When financing an insurance broker in the Netherlands, it has been common practice for years for the broker to provide security to the bank by providing a pledge on the insurance portfolio. That makes sense, because for a broker his portfolio is by far the most valuable asset of his company. However, there has been a discussion going on for years about whether it is legally possible to pledge a portfolio.
From the lower case law it can be concluded that it would not be possible, because an insurance portfolio is not a pledgeable asset. According to the banks, and according to ING Bank in the case assessed by the Supreme Court, there is a practical need for the possibility of pledging an insurance portfolio because this will benefit the financeability of the activities of an insurance intermediary. The law should therefore follow and adapt to the current practice, otherwise the loans will no longer be provided, or there will be insufficient security for the bank. The Supreme Court settled the discussion in its ruling of 6 December 2019. The ruling is briefly discussed here.
An insurance broker has business relationships with various insurers and clients. The intermediary concludes agreements with the insurers on the basis of which he is authorized to mediate in taking out insurance policies and to manage insurance policies taken out. The intermediary enters into contracts of engagement with (potential) policyholders, in which he undertakes to advise and mediate in concluding insurance contracts with insurers and to manage insurance policies taken out.
The management consists, among other things, of the collection of insurance premium and the settlement of claims of policyholders. The insurance contracts concluded through the mediation are concluded directly between the insurer and the policyholder. The contact between the insurer and the policyholder is exclusively through the intermediary. For the brokerage and management work, the intermediary receives commission fees from the insurer or reimbursements from the policyholder.
In the much discussed judgment of the Gelderland court of 4 April 2018, it was already ruled that an insurance portfolio was not was susceptible to pledging. The court reasoned as follows. "A pledge can be established on transferable assets (Article 3: 228 of the Dutch Civil Code). Assets are property or property rights (Article 3: 1 of the Dutch Civil Code).
Assuming that an insurance portfolio consists in any case of a set of agreements from which claim rights arise and to which goodwill is attached and in view of the definition in article 3: 2 of the Dutch Civil Code ("matters are the material objects susceptible to human control") it can be assumed that a insurance portfolio is not a matter of course. The question remains whether an insurance portfolio can be classified as a property right. That is complicated.
With regard to the individual building blocks from which an insurance portfolio is built up, it is clear that an agreement in itself is not a property right and therefore not a property-related legal object on which a pledge can be established. A party to an agreement may transfer its legal relationship from that agreement to a third party on the basis of Article 6: 159 of the Dutch Civil Code if the other party to the agreement cooperates with it, but the transfer of property rights under Article 3:84 of the Dutch Civil Code is not possible.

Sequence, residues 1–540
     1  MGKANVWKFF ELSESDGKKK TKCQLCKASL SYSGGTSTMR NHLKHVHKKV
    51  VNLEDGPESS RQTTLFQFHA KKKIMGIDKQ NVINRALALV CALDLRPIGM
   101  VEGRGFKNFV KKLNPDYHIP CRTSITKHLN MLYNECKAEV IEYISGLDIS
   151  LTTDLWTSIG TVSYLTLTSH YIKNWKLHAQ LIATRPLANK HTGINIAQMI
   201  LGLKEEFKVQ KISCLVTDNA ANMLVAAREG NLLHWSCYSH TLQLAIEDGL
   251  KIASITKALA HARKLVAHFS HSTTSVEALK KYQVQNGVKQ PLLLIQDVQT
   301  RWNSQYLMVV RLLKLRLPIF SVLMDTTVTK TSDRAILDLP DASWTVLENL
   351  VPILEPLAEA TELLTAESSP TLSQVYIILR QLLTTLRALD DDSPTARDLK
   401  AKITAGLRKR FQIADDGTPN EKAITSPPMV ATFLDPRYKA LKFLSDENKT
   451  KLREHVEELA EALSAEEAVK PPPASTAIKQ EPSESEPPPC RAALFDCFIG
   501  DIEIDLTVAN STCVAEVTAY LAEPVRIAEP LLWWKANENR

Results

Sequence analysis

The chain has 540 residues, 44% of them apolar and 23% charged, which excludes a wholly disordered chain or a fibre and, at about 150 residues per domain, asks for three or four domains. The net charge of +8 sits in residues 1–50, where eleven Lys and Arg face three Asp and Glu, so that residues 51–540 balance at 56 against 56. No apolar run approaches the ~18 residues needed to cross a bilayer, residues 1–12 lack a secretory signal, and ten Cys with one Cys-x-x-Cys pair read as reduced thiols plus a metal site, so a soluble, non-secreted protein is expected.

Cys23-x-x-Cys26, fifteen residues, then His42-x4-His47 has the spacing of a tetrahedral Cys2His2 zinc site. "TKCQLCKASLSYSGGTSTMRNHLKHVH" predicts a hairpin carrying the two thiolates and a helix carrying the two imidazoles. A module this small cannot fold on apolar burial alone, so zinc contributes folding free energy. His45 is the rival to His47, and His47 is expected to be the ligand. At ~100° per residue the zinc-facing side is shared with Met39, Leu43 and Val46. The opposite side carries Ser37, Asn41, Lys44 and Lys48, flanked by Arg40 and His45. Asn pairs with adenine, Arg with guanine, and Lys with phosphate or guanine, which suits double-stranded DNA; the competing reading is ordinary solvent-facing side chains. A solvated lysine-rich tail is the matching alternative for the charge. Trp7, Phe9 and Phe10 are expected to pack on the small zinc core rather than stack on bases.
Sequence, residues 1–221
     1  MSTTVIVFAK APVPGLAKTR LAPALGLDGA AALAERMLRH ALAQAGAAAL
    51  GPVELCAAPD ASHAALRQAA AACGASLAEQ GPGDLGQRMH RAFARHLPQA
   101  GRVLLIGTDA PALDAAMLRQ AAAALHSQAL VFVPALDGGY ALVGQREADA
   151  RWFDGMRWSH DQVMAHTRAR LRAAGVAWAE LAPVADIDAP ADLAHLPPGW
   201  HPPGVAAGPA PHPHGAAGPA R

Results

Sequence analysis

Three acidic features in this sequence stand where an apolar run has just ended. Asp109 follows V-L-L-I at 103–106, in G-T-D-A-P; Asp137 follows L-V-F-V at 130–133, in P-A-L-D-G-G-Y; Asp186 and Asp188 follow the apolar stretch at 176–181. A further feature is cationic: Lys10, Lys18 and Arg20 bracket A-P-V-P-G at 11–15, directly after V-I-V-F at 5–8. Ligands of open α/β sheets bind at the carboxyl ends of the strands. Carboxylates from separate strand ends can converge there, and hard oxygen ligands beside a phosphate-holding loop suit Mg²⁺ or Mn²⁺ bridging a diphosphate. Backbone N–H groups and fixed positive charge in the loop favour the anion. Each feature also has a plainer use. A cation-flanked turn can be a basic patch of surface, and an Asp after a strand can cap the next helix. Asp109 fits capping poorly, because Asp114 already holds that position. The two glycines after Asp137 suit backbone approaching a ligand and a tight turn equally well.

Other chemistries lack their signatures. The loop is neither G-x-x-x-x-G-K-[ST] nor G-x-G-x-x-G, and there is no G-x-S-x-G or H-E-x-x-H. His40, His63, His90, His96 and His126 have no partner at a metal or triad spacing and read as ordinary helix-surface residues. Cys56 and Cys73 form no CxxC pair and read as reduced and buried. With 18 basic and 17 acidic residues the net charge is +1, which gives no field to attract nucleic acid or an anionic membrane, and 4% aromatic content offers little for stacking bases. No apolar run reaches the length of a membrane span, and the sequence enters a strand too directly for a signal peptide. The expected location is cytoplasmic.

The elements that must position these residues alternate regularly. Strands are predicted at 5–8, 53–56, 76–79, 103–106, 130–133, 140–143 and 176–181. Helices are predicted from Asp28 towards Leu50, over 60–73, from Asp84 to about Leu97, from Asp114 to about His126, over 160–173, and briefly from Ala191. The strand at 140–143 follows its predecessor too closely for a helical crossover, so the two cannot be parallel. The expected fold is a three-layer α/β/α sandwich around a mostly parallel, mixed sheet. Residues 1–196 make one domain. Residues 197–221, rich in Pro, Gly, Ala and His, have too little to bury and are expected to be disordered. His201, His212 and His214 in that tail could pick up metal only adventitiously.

The goodwill building block can also not be regarded as property right as such. Goodwill can only be transferred via the goods to which it is linked. Conversely, claim rights arising from an agreement are property rights. A pledge may also be established on this, albeit within the limits of Sections 3: 236, second paragraph, 3:94, first paragraph and 3: 239, first paragraph of the Dutch Civil Code. "
But then the problem follows. An agreement cannot be transferred under property law, as the cooperation of the other party is required when taking over a contract. This means that an agreement cannot be pledged. Goodwill can also not be regarded as a property right, according to the Gelderland District Court.
Normally the parties first file an appeal at the Court of Appeal. In this case, the parties were only interested in the answer to the legal question, so Jump Cassation was lodged before the Netherlands Supreme Court.
In the judgment of December 6, 2019 the Supreme Court ruled as follows. The legal system assumes that only individual property or property rights can be considered good and as such can be the subject of a property law or property transaction.
The combination of agreements and goodwill that is referred to as an insurance portfolio is not an individual thing or an individual property right, even if it is regarded as a unit in the course of trade.
An insurance portfolio is therefore not a good in the sense of art. 3: 1 BW. This is not altered by the fact that individual parts of an insurance portfolio, such as claim rights, are goods, or by the fact that the portfolio as a whole represents an asset value in the course of trade and can be the subject of a obligatory legal act such as a purchase agreement.
ING Bank is fishing behind to the net. The Supreme Court of the Netherlands has decided that pledging the insurance portfolio does not fit in with the legal system of property law and the financing practice will therefore have to look definitively for another solution.
Hein Kernkamp will gladly help you further.